Summer 2020 Seed Grant Funding Report
Submitted by Divya Victor, Julian Chambliss, and Natalie Phillips
Overview & Project Goals
Inspired by Professor Divya Victor’s forthcoming book Curb (2021), CURBED3 is a web-based multimedia space that seeks to visualize instances of racial othering in the United States. The DH@MSU Summer Seed Grant supported Digital Humanities and Literary Cognition Lab’s (DHLC) first fellow in our Public Humanities Fellow program. Our goal is to aid Professor Victor in developing her digital praxis. Borrowing heavily from Professor Victor’s book, which utilized geolocation data to highlight instances of racial othering in public spaces, our central effort is to design a web prototype that would allow the public to share their stories of othering inspired by CURB. We utilized seed grant funds for research and work on the prototype.
A digital extension of Victor’s poetry, Curb (2021), CURBED seeks to catch and document a particular quotidian feeling of being fearful in a anti-Muslim, anti-Sikh, anti-immigrant United States, asking: when did that begin, who is that feeling made for, and how does that feeling make us who we are? The webspace is a fundamentally collaborative effort intended to build cross disciplinary connections in approaches to storytelling and interpretive witnessings. The webspace will host commissioned, interactive materials created in response to poetry from Curb: rhetorical musical assemblages created by Carolyn Chen, Los Angeles based new musique composer; experimental, minimalist documentary using Google satellite imaging, by Bay-area based video artist and writer Amarnath Ravva; printable “hacks” into public space and illustrations by Austrian illustrator and designer Karin Aue who is based in Singapore. Using a combination of Omeka S and WordPressing platforms, we are hoping to build a web space that encourages and hosts new approaches to narrativizing acts of exclusions and inclusion in public spaces. We are asking how the United States can be mapped experientially and phenomenologically, through storytelling and sensory engagements. This project’s timing is crucial as we hope to launch it in 2021, which marks the 20th anniversary of the 9/11 attacks as well as a two-decade rise in anti-South Asian and anti-immigrant violence in this country.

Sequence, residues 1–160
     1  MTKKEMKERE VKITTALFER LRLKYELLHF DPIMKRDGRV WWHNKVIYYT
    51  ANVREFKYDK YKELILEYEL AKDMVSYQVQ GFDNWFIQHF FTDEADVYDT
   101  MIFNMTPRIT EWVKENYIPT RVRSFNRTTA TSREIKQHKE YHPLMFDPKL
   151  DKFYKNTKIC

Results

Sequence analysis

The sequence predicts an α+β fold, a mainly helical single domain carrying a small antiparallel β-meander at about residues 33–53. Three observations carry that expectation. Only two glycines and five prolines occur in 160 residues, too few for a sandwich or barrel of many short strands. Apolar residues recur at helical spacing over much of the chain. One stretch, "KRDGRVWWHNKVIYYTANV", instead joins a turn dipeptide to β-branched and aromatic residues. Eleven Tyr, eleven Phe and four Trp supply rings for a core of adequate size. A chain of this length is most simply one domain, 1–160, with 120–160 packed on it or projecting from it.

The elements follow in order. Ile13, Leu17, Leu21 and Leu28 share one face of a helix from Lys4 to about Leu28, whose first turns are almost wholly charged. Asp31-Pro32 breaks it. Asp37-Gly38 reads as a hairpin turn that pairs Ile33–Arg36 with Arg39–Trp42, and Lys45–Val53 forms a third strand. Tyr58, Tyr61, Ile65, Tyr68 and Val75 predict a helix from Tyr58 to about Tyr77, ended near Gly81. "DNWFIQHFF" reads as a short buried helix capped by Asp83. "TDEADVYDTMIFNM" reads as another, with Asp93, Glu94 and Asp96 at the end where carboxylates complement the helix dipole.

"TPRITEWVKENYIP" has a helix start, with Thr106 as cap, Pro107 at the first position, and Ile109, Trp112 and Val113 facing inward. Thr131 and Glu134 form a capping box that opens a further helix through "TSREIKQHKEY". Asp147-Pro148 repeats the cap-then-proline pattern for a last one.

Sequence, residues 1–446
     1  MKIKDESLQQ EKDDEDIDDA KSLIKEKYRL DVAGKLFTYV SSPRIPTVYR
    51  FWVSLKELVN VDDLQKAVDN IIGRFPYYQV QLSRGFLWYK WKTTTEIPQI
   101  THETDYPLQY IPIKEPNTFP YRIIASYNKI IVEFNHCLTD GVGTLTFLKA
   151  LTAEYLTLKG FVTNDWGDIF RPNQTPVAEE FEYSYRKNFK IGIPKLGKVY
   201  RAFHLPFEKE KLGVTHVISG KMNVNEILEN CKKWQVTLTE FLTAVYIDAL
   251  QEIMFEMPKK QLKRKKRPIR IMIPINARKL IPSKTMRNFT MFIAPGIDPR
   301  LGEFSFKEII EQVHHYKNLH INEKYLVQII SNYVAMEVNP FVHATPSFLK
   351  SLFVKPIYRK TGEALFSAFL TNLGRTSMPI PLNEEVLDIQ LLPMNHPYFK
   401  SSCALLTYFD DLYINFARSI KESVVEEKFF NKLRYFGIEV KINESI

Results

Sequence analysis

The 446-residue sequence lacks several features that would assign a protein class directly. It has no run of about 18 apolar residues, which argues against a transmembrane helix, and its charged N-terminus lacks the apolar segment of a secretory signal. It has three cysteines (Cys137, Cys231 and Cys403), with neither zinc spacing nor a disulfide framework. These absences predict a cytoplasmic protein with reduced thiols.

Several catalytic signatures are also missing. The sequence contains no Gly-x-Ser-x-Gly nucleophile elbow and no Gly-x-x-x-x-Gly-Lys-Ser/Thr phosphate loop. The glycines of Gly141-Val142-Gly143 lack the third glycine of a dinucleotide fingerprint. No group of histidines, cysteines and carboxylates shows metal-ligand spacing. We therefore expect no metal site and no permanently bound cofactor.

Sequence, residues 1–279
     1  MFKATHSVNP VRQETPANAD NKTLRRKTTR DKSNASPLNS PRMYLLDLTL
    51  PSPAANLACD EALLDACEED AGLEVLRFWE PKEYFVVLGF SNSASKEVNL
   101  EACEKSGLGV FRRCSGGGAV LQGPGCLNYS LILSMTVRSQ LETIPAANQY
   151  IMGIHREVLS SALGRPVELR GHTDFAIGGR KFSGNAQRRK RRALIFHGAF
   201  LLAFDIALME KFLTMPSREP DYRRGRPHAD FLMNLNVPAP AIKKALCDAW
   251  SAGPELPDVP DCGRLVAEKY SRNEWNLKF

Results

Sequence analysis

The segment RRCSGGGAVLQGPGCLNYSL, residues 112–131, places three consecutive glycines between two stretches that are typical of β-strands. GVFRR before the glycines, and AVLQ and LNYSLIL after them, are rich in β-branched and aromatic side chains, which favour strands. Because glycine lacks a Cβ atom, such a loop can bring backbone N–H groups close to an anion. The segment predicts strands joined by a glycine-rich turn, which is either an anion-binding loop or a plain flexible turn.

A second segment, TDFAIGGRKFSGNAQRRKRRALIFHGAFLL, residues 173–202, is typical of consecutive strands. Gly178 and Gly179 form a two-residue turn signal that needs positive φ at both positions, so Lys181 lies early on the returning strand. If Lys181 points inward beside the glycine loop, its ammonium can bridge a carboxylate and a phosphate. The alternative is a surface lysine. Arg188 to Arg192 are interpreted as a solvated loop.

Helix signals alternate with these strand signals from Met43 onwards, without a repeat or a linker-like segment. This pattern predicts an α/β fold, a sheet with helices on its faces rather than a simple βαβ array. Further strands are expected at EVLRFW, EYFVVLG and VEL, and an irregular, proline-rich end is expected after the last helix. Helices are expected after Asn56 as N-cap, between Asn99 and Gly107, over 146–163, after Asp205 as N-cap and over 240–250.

Building a Vision
While this project is guided by the artistic and humanistic goals inspired by Divya Victor’s poetry, we sought to contextualize those ideas within the broad narrative of digital humanities work. We examined website projects such as First Days Project ( https://firstdays.saada.org/), which documented stories of immigrants’ first experiences in the United States, as a possible example in the early stages of the research.
These projects provided a framework to consider how public interaction through a digital portal might be accomplished. Moreover, we were able to identify important parameters to consider as consider the best digital platform for the project.